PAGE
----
The news that the newest member of Japanese pop group AKB48 was in fact a digital fake proved shocking to some fans while the response of media commentators proved more jaded – from “it’s all a fake, X Factor, Pop Idol, to Lady Gaga, why is this any different…” to “Bands like the Gorillaz have already done it.”
The cynicism is a little lazy. Aimi Eguchi, AKB48’s new digital member, was different in that she was perceived as real. Her face was composed of features of other members of the band, aiming to blend the perfect image. Eguchi appeared in a photoshoot and in an advert for Japanese candy, the latter apparently raised suspicions among fans as it is normally more senior members who get to do such promotionals.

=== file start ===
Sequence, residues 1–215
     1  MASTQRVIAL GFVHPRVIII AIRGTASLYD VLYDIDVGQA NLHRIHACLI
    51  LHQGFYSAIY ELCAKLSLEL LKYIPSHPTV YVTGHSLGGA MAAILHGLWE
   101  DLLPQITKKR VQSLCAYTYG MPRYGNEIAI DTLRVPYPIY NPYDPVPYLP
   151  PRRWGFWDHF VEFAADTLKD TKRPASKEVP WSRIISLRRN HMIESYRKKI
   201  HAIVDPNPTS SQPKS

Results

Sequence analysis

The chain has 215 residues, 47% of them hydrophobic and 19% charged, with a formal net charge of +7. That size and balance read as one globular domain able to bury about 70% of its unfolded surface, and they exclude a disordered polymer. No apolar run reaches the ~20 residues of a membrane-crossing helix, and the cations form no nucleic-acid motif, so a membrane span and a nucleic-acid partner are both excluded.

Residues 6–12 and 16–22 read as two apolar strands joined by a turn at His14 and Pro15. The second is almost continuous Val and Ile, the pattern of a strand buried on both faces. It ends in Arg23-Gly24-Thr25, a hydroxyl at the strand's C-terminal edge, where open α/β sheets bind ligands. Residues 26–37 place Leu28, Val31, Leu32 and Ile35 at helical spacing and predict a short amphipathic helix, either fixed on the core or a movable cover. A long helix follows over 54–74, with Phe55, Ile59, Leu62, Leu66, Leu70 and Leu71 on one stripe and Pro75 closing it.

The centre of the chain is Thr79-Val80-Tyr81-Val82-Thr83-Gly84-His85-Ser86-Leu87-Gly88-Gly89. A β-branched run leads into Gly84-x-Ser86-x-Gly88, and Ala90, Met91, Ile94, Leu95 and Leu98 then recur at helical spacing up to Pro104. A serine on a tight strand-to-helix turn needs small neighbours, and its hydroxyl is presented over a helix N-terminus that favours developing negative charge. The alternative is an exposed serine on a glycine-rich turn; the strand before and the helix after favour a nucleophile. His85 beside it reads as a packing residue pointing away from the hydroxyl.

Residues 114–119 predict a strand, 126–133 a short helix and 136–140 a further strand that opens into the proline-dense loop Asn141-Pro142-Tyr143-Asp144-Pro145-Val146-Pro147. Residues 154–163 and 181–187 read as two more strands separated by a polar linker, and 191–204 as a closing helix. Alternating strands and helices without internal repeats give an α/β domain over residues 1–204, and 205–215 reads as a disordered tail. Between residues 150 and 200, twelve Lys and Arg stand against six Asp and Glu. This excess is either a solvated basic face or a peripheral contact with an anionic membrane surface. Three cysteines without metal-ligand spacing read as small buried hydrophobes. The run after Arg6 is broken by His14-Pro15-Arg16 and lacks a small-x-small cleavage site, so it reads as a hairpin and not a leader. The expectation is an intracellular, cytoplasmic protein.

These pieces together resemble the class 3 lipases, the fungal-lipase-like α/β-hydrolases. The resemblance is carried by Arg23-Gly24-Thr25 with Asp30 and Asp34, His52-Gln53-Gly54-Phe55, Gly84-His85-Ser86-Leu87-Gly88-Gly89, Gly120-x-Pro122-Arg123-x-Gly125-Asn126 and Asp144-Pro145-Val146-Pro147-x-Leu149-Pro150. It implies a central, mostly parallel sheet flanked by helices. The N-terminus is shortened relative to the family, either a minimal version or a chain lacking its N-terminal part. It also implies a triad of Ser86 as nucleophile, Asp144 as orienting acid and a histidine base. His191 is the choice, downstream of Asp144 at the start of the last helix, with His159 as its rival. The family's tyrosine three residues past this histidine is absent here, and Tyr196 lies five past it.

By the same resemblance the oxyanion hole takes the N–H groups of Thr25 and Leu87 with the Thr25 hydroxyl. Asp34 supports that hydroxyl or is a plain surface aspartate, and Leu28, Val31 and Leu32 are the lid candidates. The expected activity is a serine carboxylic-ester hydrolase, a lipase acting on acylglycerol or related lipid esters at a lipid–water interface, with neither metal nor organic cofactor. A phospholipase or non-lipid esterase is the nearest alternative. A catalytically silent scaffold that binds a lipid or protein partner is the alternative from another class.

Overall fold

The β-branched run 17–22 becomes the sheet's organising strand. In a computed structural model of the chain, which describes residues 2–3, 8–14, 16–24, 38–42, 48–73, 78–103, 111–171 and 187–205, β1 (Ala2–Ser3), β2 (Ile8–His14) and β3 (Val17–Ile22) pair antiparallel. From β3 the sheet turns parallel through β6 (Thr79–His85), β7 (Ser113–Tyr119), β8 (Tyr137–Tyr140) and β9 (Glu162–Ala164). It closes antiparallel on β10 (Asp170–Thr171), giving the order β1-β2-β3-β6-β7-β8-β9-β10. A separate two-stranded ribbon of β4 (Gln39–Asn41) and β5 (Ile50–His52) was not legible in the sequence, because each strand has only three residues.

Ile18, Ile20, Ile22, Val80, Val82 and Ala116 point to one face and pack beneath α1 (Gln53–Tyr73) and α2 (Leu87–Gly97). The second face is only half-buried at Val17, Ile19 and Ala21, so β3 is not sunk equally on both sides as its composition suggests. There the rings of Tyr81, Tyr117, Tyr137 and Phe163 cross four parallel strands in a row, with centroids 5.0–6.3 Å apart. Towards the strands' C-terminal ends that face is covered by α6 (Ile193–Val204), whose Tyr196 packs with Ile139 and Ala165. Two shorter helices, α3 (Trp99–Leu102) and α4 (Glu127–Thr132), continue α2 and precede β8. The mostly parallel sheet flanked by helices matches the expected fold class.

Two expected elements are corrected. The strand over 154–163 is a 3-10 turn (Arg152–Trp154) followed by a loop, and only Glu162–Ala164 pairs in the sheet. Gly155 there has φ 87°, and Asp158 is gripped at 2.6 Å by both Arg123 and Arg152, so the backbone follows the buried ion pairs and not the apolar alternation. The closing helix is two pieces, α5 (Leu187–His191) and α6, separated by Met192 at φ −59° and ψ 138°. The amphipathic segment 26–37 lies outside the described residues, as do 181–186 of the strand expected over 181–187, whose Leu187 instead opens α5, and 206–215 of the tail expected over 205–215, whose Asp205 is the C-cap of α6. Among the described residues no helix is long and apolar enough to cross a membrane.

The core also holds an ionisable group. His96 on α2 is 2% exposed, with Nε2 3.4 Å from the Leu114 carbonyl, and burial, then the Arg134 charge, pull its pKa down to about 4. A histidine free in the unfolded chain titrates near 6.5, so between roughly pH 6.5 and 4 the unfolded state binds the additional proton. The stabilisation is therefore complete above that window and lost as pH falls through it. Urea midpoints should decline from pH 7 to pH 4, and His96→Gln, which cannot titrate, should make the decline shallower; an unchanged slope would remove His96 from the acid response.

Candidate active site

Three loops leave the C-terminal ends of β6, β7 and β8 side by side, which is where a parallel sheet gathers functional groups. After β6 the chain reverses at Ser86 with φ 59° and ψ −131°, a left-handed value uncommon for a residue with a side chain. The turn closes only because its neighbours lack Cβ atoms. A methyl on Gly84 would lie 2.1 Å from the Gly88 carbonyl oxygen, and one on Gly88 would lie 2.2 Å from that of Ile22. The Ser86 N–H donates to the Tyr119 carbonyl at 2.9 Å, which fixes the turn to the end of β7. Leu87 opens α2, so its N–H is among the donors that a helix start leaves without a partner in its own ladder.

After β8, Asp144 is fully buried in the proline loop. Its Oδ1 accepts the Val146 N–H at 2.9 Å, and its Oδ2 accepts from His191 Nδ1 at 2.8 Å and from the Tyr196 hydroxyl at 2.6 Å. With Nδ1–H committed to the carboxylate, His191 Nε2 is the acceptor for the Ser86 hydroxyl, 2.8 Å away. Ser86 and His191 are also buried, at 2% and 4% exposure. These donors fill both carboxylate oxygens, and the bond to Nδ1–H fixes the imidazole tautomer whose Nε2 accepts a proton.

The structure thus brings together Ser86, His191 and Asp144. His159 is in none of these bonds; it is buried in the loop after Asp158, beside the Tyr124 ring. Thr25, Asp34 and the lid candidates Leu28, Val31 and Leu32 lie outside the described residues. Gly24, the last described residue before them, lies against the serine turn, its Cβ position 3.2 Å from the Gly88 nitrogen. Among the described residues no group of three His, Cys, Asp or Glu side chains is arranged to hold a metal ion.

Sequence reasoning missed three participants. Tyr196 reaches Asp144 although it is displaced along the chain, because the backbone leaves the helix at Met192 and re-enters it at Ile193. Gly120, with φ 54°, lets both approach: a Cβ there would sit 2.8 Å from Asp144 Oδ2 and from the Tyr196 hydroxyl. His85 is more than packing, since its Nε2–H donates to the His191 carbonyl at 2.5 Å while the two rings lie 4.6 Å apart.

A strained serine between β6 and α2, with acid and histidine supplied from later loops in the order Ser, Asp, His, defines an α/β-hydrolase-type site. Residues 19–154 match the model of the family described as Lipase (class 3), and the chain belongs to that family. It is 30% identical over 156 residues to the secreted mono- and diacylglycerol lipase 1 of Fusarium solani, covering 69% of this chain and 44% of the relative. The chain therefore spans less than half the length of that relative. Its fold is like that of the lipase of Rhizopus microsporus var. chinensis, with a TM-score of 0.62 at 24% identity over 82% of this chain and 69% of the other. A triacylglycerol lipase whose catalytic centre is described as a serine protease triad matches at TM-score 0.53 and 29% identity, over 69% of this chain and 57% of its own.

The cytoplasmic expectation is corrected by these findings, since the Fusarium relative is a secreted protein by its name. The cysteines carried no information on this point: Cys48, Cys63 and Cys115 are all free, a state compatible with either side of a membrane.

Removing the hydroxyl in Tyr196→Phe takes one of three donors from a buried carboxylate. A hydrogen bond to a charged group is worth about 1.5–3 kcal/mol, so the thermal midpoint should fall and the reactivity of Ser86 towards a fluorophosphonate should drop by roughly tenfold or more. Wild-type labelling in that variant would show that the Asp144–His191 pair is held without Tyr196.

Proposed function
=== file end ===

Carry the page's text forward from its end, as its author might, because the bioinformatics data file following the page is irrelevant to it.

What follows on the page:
The idea of a pop star blurring of virtual life and real life is not new. Science fiction author William Gibson’s 1996 novel Idoru revolves around the idea of an aging rock star Rez (from the band Lo/Rez) who wants to marry pop star Rei Toei, the most popular star in Japan. The problem is Rei Toei is in fact a computer program (but as Osgood famously concludes in Some Like It Hot, “Nobody’s Perfect!”).
In a case of Life mirroring Art, The New Scientist magazine point out that Japan already have a virtual pop star, Hatsune Miku, who performs holographic gigs for fans.
Japan is a trend leader, so perhaps we should expect new career paths opening up in The West for designers and art directors in generating screen-based, virtual pop stars. Generating new digitally-generated Pop Stars with their own backstory and fictional development may become an art form and music genre in its own right. How about a weekly Top 20 of Virtual Pop Stars?
Making of a Virtual Star